AB 1296 by Gonzalez expands the membership, duties and authority of the Joint Enforcement Strike Force on the Underground Economy.

AB 1831 by Gonzalez appropriates $802.60 to the Department of General Services for the payment of five government claims – it allows the department to re-issue expired checks.

SB 399 by Sen. Toni Atkins requires the appointment of two members of the Commission on Peace Officer Standards and Training who are not peace officers and have expertise in implicit and explicit biases, cultural competency, mental health and policing or work with vulnerable populations.

SB 338 by Hueso requires a local law enforcement agency that adopts or amends its policy regarding senior and disability victimization after April 13, 2021, to include information and training on elder and dependent adult abuse.

SB 367 by Hueso clarifies the type of educational programs that may be undertaken or funded by the State Coastal Conservancy, and extends access to those programs to adults.

SB 451 by Atkins provides for a 20 percent to 25 percent tax credit toward rehabilitation expenses if a historic structure or qualified residence meets a specific set of criteria and contains transparency measures, including annual cap and reporting requirements.

SB 717 by Sen. Brian Jones authorizes a craft distiller to purchase advertising space from, or on behalf of, an on-sale retail licensee subject to the same conditions as other alcohol manufacturers.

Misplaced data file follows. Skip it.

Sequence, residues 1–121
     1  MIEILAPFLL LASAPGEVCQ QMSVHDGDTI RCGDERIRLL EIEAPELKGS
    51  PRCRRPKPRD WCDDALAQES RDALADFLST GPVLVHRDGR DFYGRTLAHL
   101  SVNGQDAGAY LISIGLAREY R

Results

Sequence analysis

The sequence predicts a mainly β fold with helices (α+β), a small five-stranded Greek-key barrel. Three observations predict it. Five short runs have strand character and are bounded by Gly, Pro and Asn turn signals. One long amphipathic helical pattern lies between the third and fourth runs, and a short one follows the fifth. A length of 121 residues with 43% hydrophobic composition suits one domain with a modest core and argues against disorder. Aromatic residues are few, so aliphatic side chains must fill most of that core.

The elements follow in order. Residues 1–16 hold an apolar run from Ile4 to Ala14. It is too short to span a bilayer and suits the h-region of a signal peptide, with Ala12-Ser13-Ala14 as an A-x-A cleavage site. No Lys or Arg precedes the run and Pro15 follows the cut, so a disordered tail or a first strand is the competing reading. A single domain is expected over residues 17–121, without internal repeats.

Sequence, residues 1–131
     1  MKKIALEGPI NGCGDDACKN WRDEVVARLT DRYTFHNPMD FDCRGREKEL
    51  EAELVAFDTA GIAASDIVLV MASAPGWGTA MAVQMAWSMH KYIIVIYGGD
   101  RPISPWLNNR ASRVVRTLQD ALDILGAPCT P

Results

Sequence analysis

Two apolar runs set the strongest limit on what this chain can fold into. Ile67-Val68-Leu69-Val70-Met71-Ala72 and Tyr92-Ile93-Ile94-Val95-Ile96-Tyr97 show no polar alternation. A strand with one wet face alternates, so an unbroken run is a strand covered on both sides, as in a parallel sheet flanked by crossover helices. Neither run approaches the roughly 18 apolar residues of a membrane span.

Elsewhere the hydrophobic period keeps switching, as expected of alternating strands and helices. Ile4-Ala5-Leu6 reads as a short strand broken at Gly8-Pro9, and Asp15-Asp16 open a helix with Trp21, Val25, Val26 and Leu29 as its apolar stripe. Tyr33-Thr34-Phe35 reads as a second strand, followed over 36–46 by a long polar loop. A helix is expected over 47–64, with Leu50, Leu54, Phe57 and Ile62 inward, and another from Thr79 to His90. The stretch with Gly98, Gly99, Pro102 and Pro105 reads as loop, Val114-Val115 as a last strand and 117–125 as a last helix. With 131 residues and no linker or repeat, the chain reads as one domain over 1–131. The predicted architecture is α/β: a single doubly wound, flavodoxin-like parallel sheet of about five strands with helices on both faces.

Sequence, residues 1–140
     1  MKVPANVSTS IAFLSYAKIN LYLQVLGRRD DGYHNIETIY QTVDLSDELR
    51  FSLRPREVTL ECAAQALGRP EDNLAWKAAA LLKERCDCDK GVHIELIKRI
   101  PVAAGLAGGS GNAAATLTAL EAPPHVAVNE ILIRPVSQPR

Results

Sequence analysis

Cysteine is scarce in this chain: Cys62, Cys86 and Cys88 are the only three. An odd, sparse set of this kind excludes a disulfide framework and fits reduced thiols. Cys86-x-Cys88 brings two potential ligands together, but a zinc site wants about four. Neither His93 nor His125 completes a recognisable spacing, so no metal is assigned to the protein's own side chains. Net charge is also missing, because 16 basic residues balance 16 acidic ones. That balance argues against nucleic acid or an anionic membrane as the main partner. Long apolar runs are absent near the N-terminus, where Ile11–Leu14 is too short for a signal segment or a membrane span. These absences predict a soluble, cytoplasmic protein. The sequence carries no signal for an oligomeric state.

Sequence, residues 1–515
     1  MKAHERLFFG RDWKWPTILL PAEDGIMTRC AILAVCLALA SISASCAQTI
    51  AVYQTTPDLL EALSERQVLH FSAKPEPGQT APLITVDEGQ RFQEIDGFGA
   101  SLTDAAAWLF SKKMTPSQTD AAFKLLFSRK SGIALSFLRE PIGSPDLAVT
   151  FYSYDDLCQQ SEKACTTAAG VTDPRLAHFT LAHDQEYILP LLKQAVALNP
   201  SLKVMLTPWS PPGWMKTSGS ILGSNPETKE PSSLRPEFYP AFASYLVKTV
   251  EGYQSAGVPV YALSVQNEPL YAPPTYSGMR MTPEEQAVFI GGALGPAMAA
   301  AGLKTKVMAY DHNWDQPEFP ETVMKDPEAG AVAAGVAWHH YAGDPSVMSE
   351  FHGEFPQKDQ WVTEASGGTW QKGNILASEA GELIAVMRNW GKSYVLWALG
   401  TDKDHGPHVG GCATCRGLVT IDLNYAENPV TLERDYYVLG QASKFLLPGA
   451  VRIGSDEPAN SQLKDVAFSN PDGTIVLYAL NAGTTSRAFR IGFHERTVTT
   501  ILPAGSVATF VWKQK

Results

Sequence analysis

Vetoed

AB 773 by Gonzalez would have required school districts to coordinate with county elections officials to develop a course on voter registration. Newsom said he objected to a “prescriptive … one-size-fits-all requirement.”

SB 577 by Hueso codified administrative processes between the California Department of Tax and Fee Administration and the State Board of Equalization. A veto message can be found here.

San Diego Leaders Stress Importance of New Law to Expand Conservatorships

Two San Diego County supervisors say the board will soon review whether to pursue a pilot program established by state law to expand court-ordered conservatorships in San Diego, Los Angeles and San Francisco counties.

San Francisco Sen. Scott Wiener’s SB 40, signed by Newsom last week, bolsters previous legislation allowing the three counties to create five-year pilot programs where court-appointed guardians oversee a person’s daily life without a previous requirement that patients try an outpatient program first. Gonzalez last year added San Diego to the original bill, SB 1045, when it came before the Appropriations Committee she chairs.